TODAY: Louisiana law enforcement officials discuss why veto of concealed carry bill should not be overridden

Louisiana

BATON ROUGE, La. (KTAL/KMSS/BRPROUD) – Louisiana law enforcement officials held a news conference Thursday afternoon to discuss why they oppose an override of Gov. John Bel Edwards’ veto of legislation allowing people 21 and older in Louisiana to carry a concealed handgun without needing a permit.

In a statement, the Louisiana Law Enforcement Coalition called SB 118 eliminating permits for concealed carry weapons “a dangerous bill.”

During the news conference, several sheriffs and other law enforcement officials from around the state expressed concerns about the ways allowing the bill to become law will further endanger law enforcement as well as the general public.

Lafourche Parish Sheriff Craig Webster called SB 118 “a solution without a problem,” explaining how the current permitting process focuses on safe handling and proper storage of firearms, as well as liability laws and ensures proper training.

Without that training, law enforcement leaders believe more people will be unnecessarily exposed to a higher risk of violent crimes and more accidental deaths and injuries. They also point out that when they encounter an open carry situation, they at least know that a firearm is present and can take appropriate action to protect themselves and others if necessary.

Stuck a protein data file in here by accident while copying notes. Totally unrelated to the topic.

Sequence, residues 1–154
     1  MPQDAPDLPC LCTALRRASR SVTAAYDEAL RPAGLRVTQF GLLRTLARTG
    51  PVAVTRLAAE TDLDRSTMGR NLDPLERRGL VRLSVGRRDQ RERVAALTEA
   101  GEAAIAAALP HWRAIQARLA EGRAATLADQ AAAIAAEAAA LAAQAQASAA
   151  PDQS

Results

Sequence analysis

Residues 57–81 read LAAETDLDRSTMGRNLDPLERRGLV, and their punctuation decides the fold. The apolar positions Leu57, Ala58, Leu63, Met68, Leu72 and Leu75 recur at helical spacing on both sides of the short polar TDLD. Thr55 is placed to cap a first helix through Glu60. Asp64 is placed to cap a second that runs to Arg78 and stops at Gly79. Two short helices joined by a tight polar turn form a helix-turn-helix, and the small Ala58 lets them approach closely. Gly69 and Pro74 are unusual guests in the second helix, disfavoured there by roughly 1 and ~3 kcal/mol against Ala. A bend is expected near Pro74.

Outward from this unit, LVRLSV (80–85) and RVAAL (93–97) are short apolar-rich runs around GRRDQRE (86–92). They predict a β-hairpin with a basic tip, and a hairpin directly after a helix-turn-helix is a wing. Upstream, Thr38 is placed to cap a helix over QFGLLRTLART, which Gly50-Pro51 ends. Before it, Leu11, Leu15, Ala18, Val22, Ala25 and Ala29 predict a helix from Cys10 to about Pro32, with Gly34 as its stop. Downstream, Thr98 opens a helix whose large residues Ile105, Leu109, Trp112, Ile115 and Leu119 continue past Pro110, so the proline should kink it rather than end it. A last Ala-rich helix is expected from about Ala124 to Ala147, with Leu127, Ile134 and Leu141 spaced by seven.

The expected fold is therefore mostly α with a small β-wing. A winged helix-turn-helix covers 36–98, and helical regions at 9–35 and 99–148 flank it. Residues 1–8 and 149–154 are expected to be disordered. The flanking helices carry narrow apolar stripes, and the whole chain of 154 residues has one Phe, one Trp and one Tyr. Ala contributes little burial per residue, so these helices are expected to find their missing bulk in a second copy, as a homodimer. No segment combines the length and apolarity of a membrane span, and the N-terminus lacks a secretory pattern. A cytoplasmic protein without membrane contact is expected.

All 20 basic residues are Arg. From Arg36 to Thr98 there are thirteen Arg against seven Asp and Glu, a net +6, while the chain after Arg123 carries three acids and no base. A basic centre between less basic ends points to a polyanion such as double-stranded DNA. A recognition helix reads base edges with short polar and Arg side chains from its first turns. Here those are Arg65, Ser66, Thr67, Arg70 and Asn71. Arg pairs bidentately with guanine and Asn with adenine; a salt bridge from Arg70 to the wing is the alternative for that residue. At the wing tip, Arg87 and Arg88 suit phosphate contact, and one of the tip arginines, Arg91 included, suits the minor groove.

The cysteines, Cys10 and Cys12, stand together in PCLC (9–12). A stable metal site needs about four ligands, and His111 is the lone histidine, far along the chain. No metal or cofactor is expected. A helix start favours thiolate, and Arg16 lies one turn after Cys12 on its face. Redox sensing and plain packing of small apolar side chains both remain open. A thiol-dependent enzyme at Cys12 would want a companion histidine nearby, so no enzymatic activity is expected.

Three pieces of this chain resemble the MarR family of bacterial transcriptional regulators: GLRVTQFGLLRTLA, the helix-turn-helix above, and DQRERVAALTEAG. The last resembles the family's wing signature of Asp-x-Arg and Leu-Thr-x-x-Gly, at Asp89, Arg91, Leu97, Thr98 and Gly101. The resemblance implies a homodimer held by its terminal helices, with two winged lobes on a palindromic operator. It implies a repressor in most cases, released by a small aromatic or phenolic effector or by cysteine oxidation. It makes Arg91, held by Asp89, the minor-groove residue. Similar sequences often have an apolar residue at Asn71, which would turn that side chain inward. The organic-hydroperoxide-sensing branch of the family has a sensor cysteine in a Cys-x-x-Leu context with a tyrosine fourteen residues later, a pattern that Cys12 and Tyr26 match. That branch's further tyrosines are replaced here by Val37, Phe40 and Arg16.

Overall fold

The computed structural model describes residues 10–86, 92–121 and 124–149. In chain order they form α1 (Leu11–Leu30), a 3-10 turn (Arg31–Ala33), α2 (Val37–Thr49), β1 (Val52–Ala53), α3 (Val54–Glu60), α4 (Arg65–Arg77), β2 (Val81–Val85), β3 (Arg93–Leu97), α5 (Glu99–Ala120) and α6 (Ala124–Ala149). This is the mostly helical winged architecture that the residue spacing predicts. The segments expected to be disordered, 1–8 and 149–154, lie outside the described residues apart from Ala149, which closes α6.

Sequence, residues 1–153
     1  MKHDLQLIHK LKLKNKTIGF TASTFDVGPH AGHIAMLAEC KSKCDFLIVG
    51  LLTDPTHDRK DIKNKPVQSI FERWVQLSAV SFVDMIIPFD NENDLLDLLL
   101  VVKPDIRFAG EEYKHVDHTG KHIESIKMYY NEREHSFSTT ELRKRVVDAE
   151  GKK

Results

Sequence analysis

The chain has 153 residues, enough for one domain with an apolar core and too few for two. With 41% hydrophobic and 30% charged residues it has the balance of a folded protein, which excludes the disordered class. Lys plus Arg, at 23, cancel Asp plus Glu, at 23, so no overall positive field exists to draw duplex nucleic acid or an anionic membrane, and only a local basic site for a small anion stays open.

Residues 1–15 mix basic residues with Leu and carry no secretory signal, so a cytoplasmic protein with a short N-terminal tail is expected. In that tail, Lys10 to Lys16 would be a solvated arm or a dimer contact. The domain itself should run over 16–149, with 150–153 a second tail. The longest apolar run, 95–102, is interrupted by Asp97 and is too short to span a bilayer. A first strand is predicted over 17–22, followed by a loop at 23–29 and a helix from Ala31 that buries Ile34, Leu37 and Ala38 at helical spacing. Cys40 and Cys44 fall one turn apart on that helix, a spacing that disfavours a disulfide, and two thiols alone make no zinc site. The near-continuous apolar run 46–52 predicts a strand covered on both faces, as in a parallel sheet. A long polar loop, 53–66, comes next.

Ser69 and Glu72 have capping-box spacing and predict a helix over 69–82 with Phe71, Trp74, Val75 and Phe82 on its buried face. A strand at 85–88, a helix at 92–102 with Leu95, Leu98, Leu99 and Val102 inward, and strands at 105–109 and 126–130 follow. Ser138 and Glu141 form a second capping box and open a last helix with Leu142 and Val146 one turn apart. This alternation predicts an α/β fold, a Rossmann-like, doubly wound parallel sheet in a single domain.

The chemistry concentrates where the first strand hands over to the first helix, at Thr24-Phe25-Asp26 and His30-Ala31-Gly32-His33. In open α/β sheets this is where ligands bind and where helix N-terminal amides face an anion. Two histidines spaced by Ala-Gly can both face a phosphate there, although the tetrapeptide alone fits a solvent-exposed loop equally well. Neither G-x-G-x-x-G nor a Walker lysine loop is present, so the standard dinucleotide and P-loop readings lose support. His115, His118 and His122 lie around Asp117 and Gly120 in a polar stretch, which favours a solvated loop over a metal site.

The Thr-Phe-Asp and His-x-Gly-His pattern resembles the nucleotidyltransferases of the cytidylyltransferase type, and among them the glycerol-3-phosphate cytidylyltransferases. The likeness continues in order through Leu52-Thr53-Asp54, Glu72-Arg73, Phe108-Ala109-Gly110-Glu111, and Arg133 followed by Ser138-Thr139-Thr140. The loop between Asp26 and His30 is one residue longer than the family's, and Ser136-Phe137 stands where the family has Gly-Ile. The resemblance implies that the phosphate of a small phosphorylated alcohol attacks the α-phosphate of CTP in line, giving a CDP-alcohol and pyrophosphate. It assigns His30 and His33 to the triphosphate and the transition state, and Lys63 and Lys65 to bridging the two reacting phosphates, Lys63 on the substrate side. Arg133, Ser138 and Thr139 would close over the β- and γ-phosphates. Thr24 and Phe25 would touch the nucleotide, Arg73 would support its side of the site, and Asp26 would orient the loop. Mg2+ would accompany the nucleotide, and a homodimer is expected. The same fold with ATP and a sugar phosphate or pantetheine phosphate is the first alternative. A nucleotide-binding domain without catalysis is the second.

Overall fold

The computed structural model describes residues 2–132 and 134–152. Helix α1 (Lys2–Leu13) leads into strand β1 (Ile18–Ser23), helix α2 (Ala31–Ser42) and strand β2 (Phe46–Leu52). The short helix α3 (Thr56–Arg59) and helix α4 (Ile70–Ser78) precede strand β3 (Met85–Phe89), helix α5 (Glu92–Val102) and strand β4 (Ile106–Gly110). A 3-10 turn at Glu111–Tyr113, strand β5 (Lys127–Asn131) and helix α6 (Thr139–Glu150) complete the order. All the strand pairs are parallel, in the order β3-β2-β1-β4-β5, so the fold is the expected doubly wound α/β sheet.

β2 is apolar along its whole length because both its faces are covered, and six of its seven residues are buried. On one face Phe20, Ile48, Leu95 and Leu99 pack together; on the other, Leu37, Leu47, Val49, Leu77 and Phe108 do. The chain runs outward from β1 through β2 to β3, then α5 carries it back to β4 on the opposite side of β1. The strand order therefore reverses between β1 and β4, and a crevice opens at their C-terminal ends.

The coalition also notes that a recent survey found that 80 percent of the people of Louisiana support requiring a permit for concealed carry weapons.

SB 118 is one of 28 bills rejected by Gov. Edwards from the regular session, who also struck out a handful of legislative pet projects from budget bills. The Louisiana Constitution calls for a veto session to be automatically scheduled when a governor jettisons legislation.

Louisiana lawmakers are in the process of deciding whether to hold what would be an historic veto override session. A majority vote of either the House or Senate can scrap the gathering — a decision that often is an afterthought for lawmakers who have canceled every veto session since the modern constitution was enacted in 1974.

But this time around, the veto of the constitutional carry bill along with a measure banning transgender athletes from competing on school sports teams of their identified gender have been drawing intense interest from the majority-Republican House and Senate.

Ballots determining whether a veto session will be held went out earlier this week and are due July 15. If neither chamber sees a majority of its members turn in the paperwork to cancel the gathering, the session will begin July 20 and could run through July 24.

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